NYACK, Calif. (KTXL) — The recent rising temperatures are causing concern about the state’s water supply and the risk of wildfires. 

With the weather in the 70s and little to no rain or snow, fire crews are on alert, which is unusual for February. 

“It was cold at first and then it started getting warmer and it just stayed that way,” said Tyler Jensen, who works in Cisco Grove. 

It hasn’t been the winter weather Jensen was expecting. He figured the cold and snow that came in abundance back in December would carry over to what is supposed to be the coldest time of the year in that area. 

“I can sleep with my window open and it’s not that bad,” Jensen said. 

Some higher elevations areas in the central Sierra have as much dirt on the hillsides as snow. In fact, it hasn’t actually snowed in the area for over a month.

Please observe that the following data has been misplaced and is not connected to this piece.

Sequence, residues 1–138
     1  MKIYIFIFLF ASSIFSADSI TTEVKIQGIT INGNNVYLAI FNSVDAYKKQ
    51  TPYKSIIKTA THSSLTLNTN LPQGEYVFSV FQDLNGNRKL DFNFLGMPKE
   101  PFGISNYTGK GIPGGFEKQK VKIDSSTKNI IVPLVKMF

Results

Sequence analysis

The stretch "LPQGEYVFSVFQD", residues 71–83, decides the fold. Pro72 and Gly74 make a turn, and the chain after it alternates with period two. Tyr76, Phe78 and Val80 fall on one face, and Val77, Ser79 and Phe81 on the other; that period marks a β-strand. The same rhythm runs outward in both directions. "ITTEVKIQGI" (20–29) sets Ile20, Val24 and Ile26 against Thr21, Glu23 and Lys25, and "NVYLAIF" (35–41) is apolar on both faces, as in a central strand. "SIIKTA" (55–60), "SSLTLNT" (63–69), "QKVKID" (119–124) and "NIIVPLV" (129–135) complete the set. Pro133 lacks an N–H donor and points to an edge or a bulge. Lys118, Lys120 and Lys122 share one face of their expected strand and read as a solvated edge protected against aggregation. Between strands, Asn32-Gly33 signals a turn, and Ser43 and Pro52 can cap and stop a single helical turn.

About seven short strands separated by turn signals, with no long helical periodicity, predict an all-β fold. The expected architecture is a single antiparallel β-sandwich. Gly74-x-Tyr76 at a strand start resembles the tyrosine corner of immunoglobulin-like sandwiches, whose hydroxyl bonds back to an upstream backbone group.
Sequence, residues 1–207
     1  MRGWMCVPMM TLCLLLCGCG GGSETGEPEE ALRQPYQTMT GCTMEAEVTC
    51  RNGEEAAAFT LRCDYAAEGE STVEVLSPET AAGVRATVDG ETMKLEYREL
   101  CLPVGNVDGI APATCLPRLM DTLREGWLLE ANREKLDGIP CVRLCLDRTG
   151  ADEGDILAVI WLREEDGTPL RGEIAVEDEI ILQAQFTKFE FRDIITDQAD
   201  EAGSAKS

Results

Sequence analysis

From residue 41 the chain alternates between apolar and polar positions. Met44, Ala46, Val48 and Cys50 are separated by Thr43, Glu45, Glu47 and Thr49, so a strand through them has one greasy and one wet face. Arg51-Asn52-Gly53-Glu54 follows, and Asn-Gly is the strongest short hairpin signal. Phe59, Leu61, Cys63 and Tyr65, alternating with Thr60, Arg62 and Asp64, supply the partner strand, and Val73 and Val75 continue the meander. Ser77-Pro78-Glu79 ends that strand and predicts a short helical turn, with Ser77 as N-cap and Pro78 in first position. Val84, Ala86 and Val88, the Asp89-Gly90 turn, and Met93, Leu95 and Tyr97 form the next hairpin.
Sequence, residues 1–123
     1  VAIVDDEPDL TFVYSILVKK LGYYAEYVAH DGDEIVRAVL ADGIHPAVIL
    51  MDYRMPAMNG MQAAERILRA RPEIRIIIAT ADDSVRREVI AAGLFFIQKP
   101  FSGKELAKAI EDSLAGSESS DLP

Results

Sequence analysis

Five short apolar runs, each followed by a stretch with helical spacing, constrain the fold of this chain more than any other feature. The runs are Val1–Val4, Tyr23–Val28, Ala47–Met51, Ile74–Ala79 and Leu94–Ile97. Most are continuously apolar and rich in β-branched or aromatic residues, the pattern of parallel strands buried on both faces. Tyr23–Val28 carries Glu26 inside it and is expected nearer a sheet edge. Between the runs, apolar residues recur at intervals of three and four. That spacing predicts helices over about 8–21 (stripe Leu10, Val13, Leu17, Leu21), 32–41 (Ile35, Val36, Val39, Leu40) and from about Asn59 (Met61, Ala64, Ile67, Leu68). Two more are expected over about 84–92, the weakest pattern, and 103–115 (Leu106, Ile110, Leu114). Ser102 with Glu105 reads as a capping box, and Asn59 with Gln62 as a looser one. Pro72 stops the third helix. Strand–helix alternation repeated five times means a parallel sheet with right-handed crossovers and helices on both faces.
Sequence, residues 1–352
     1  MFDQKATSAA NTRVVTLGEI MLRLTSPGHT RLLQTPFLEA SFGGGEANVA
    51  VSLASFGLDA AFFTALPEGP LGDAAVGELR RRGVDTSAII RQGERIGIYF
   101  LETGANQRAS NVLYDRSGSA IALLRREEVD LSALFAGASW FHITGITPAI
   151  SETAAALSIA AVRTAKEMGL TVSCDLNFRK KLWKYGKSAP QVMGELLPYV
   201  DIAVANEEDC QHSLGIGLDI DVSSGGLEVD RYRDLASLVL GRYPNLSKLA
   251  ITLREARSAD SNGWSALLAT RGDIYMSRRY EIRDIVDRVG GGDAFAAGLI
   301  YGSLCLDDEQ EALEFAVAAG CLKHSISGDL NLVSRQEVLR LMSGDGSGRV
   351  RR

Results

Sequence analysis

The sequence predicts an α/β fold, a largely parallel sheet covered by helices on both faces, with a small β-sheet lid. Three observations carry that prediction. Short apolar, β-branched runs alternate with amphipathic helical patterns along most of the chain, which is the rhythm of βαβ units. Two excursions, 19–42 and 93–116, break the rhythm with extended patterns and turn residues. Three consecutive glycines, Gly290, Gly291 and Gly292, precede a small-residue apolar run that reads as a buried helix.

It’s a new record for length of time without precipitation in the area, according to the UC Berkeley Central Sierra Snow Lab. The abnormally high temperatures for this time of the year are bringing their own dangers. 

On Thursday at Boca Reservoir in Nevada County, someone had to be rescued after the ice broke, sending them into the water. And last weekend, multiple skaters fell through the ice at Stampede Meadows Reservoir. One person died.

Warmer weather melting snow is also an issue due to the ongoing drought. The central Sierra snowpack is at just 80% of where it should be. 

There is also trouble looming at lower elevations. Fire crews were dealing with the Sycamore Fire in Southern California. 

“The hot temperatures and the dry conditions, combine that with the wind and it’s really elevating what we see as fire conditions this time of year,” said Cal Fire Battalion Chief Jon Heggie. 

Heggie said after the sizable October and December storms, the lack of snow and rain recently has meant that protective moisture has gone away. 

“We’ve been relatively dry, if not dry completely, up and down the state. So what that is telling us is that some of those larger fuels are drying out, especially with these warmer temperatures,” he explained. 

The National Weather Service is predicting high winds starting next week.